Woman with Down’s syndrome loses Appeal Court battle over abortion law


A woman with Down’s Syndrome has lost the Appeal Court decision against the law of allowing babies with the condition to be aborted right up until birth, and says she may take the case to the Supreme Court

Heidi Crowter, 27, from Coventry, brought legal action against the Department of Health and Social Care in the hope of removing a section of the Abortion Act she believes to be an ‘instance of inequality’.

Judges ruled last September the legislation was not unlawful and aimed to strike a balance between the rights of the unborn child and of women.

The case was reconsidered by the Court of Appeal at a hearing in July.

Heidi Crowter, 27, lost the Appeal Court decision against the law of allowing babies with the condition to be aborted right up until birth. She said she may take her case to the Supreme Court

Mrs Crowter (centre) outside the Royal Courts of Justice in central London today holding a placard which said 'Don't screen us out'

Mrs Crowter (centre) outside the Royal Courts of Justice in central London today holding a placard which said ‘Don’t screen us out’

She talked to the media outside the Royal Courts of Justice in central London after losing a Court of Appeal challenge

She talked to the media outside the Royal Courts of Justice in central London after losing a Court of Appeal challenge

Supporters of Heidi Crowter and Maire Lea-Wilson holding placards which say messages such as 'My child is not a risk' outside the Royal Courts of Justice in central London

Supporters of Heidi Crowter and Maire Lea-Wilson holding placards which say messages such as ‘My child is not a risk’ outside the Royal Courts of Justice in central London

Speaking outside the Royal Courts of Justice in London after the ruling, Heidi Crowter said she may take her case to the Supreme Court.

She told reporters: ‘I am very upset not to win again, but I will keep on fighting because we have already informed and changed hearts and minds and changed people’s opinions about the law.

‘I am very upset that babies with Down’s Syndrome can be aborted up to birth.

‘This tells me that I am not valued and of much less value than a person without Down’s Syndrome.

‘I am angry that the judges say that my feelings don’t matter. That makes me feel that I am not as valuable as a person without Down’s Syndrome.

‘When we first started this court case not many people knew about the law, but now many, many people know about the law thanks to us and your amazing support.

‘We want to thank everyone who has donated their time and money to our court case.’

In England, Wales and Scotland, there is a 24-week time limit on having an abortion.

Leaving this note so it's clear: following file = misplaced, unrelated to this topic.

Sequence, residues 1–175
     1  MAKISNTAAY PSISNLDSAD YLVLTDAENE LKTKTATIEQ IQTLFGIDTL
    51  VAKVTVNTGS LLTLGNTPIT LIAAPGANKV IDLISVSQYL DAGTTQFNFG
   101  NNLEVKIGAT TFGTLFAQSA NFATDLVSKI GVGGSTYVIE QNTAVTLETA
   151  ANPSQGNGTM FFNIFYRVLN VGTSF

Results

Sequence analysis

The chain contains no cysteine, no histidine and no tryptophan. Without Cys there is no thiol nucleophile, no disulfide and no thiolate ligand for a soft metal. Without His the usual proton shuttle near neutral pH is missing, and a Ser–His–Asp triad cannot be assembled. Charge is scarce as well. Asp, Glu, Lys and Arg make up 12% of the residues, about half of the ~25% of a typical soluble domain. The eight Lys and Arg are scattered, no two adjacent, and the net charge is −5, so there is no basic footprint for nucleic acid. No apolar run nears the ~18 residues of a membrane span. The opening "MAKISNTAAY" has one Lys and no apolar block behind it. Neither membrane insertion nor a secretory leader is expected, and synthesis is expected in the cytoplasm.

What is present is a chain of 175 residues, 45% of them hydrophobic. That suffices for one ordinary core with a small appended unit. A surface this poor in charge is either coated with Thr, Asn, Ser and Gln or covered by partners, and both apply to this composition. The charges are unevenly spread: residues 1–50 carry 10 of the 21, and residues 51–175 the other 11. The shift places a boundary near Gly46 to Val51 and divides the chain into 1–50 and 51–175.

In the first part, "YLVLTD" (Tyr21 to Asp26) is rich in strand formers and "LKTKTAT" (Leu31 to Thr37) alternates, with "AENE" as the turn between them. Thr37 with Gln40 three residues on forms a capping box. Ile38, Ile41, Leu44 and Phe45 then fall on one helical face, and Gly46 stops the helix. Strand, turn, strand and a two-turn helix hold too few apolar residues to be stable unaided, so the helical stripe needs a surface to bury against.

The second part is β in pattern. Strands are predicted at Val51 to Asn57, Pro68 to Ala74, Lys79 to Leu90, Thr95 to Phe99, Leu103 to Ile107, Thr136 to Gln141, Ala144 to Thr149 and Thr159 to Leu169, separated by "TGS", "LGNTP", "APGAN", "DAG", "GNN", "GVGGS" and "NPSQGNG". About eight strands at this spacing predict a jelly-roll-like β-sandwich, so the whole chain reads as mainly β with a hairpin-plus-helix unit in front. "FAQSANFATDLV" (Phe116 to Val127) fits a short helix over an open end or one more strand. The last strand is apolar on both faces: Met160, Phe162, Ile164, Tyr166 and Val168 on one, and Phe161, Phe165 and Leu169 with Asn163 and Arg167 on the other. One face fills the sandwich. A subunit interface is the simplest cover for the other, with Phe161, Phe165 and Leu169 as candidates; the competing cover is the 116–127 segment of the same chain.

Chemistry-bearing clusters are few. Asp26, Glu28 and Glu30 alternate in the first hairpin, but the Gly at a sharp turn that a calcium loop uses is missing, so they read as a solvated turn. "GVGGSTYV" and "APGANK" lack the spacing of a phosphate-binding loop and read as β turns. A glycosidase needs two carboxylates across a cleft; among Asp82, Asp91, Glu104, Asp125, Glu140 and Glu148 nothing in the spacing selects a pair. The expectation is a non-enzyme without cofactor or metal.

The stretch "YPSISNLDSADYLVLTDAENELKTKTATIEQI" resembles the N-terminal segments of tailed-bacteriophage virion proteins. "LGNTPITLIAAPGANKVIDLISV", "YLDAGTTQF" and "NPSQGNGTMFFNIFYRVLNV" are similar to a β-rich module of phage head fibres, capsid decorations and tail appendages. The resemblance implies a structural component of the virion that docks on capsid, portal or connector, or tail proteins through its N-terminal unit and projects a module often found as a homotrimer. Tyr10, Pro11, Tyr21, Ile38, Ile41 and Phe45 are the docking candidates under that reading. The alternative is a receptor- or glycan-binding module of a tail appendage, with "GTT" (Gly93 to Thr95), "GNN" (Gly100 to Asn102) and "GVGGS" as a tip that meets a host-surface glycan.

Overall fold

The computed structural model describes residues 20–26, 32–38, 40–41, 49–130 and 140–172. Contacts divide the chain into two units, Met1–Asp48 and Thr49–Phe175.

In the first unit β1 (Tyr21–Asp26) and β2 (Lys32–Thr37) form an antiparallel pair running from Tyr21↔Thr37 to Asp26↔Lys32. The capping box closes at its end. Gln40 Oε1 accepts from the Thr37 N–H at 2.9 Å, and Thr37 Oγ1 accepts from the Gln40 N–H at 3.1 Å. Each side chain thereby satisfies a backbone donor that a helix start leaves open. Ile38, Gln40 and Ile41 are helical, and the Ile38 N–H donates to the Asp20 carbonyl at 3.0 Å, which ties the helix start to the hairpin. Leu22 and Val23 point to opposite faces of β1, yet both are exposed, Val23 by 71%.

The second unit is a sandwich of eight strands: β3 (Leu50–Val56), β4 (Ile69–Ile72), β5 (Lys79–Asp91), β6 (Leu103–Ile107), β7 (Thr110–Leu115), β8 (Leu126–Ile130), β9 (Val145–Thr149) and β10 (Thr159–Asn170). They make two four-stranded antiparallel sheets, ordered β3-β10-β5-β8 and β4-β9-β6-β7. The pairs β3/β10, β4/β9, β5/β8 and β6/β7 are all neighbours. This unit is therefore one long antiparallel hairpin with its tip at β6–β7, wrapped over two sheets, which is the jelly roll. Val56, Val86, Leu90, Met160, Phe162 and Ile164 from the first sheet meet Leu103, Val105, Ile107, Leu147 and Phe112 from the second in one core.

But the law allows terminations up until birth if there is ‘a substantial risk that if the child were born it would suffer from such physical or mental abnormalities as to be seriously handicapped’, which includes Down’s syndrome.

She told reporters: 'I am very upset not to win again, but I will keep on fighting because we have already informed and changed hearts and minds and changed people's opinions about the law.'  Mrs Crowter is pictured with her fiancé James Carter

She told reporters: ‘I am very upset not to win again, but I will keep on fighting because we have already informed and changed hearts and minds and changed people’s opinions about the law.’  Mrs Crowter is pictured with her fiancé James Carter

Jason Coppell QC, representing the appellants, told the court in July: ‘Its effect is to stereotype life as a disabled, or seriously handicapped, person as not worth living and certainly as having less value than life as an able-bodied person, thereby impacting on the feelings of self-worth and self-confidence of disabled persons, such as Ms Crowter.’

He said the language used in the act was ‘outmoded’ and considered by some to be offensive and unacceptable.

Speaking outside court before the hearing in July, Ms Crowter who lives independently and is married to James Carter, 28, said: ‘In 2022, we live in a society where disabled people are valued equally after birth but not in the womb.

‘I hope that the judges will agree with me that this law is discrimination and needs to be changed.’

Down’s Syndrome, a result of being born by chance with an extra chromosome, results in some level of disability – with some people able to be independent and hold a job, while others will need more regular care.

Mr Coppel said: ‘The act interfered with the rights of disabled people to a private and family life, under the Human Rights Act 1998.’

Julia Smyth, representing the Secretary of State for Health and Social Care, said: ‘The ultimate question which underlies this appeal is where society should set the limits in criminalising women for the choices they make in deciding whether or not to have an abortion.

‘Obviously that raises profound social, moral and ethical questions and there are irreconcilable views on all sides of the debate.’

In their ruling last year, Lord Justice Singh and Mrs Justice Lieven concluded that the legislation was a matter for Parliament, which can take account of a range of views, rather than the courts.

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